For me, May’s first anology was overthetop, with evoking Nazism as an emotionally laden word. And her second thought, was too close to the idea of creatism, you know intelligent design.

    I am very leary of fundamentalism in any form, as these beliefs often justify means to an end.

    Like

  2. Canadian politicians such as E. May should seek inspiration for climate change debate in the words of British anti-slavery campaigner William Wilberforce. In 1791 he gave what is still considered to be one of the greatest speeches ever. He challenged the very powerful vested interests of the day who fought against abolition and justified their view with arguments like “slavery is good for Africans.”

    There is plenty of fodder in that.

    Like

  3. I agree with gifted typist, May evoked for me that old style politics of ‘fear’ so for me that is not about doing politics different, it’s just more the same old, same old.

    It’s about challenging those vested interests.

    Like

  4. Let’s see. May called for leadership. Harper & Baird mis-characterize May’s position – misdirection. Change the topic so that you’re not the one being criticized. Layton agrees with Harper, and Dion attempts to avoid being caught in the blowback. Where does Gilles Duceppe stand on the issue? Let’s determine whether anyone other than May is actually a leader.

    Like

  5. I am not defending May’s statement – I don’t like drawing historical parallels for rhetorical purposes as it risks misrepresenting both history and the argument at hand. The problem I have is with the willful misrepresentation of her statement by the other “leaders” in Parliament.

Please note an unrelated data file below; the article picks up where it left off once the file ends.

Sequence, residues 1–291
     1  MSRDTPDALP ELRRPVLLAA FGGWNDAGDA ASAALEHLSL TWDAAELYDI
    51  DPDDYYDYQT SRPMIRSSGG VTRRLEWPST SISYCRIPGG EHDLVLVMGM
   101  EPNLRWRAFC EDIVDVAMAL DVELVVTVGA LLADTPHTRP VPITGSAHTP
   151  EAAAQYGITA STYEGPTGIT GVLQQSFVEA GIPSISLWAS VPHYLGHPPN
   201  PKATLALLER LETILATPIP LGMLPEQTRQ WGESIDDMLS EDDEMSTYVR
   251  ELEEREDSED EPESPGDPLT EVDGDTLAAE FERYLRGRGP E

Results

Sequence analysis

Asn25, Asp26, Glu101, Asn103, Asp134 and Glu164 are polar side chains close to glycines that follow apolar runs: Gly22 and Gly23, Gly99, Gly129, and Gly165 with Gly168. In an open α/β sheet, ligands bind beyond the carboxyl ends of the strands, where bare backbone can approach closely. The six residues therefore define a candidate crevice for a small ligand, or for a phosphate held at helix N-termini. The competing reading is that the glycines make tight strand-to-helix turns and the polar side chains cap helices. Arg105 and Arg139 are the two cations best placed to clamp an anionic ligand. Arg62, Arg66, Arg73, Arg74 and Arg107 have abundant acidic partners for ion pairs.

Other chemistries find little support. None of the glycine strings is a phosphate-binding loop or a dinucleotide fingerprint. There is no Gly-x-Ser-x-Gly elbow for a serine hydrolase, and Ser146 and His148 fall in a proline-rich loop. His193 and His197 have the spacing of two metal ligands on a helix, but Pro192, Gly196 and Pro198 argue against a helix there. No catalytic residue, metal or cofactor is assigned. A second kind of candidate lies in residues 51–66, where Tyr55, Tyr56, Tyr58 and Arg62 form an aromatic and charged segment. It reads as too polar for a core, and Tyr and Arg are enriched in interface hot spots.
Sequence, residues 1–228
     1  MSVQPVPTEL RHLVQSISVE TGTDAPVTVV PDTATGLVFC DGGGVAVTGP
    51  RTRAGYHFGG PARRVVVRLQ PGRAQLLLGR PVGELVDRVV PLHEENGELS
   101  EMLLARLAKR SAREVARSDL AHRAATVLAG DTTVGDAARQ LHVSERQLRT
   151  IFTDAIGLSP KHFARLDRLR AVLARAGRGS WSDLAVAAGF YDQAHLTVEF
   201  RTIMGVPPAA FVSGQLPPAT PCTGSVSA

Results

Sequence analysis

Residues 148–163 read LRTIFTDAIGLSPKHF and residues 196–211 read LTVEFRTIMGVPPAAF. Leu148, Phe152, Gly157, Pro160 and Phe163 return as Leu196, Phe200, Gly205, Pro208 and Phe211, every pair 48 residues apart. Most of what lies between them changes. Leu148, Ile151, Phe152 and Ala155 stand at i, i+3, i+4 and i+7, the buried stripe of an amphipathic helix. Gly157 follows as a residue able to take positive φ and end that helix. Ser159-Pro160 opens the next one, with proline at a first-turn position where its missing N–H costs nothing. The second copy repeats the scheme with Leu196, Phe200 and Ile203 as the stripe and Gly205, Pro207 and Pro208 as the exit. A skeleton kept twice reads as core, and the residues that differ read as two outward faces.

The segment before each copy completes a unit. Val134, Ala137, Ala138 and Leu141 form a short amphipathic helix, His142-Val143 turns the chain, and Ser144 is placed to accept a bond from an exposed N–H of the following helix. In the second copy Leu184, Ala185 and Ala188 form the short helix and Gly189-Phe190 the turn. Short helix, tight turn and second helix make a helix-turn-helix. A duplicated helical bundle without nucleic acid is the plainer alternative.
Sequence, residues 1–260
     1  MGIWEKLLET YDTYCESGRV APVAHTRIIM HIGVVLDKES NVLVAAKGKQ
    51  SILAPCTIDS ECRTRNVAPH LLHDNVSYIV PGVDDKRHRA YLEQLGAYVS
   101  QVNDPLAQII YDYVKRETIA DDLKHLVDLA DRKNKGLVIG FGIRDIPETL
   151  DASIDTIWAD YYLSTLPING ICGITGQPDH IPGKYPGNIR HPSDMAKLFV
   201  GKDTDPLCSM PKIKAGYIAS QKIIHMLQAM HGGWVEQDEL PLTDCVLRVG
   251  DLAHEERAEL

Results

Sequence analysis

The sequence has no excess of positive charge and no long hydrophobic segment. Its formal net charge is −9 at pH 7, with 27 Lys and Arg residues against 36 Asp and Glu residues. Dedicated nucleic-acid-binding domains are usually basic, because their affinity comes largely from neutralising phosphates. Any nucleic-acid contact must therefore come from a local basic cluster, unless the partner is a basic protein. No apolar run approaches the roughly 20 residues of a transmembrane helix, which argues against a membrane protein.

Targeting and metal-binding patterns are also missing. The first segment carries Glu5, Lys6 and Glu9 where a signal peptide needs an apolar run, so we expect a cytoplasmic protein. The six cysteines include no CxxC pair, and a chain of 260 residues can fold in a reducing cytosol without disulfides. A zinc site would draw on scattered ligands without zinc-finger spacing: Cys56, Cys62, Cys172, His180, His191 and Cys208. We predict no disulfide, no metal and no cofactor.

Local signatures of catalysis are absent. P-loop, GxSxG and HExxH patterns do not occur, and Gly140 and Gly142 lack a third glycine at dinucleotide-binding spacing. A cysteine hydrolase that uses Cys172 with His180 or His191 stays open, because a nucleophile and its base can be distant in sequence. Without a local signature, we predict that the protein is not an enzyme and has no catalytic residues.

Elizabeth May has nothing to retract and the others should shut the hell up about it.

    Like

  6. More precisely (IMO), the others should shut up about it because every Party has used the Neville Chamberlain analogy at some point in the recent past. Sometimes, when someone wants cheap Hansard points in the face of inaction, they accuse their political foe of being an appeaser. It’s silly, tired, and never really resolves any issues. In fact, it usually distracts from the actual issue, just as Godwinning derails a thread on these Intertubules.

    If her use of the rhetorical Nazi boogeyman disqualifies her from leadership of this country, it pretty much disqualifies half of the people on the hill. I can think of several reasons why I wouldn’t vote for this incarnation of the Red Green Party, but this isn’t one of them.

    Like

Leave a Reply

Fill in your details below or click an icon to log in:

WordPress.com Logo

You are commenting using your WordPress.com account. Log Out / Change )

Twitter picture

You are commenting using your Twitter account. Log Out / Change )

Facebook photo

You are commenting using your Facebook account. Log Out / Change )

Google+ photo

You are commenting using your Google+ account. Log Out / Change )

Connecting to %s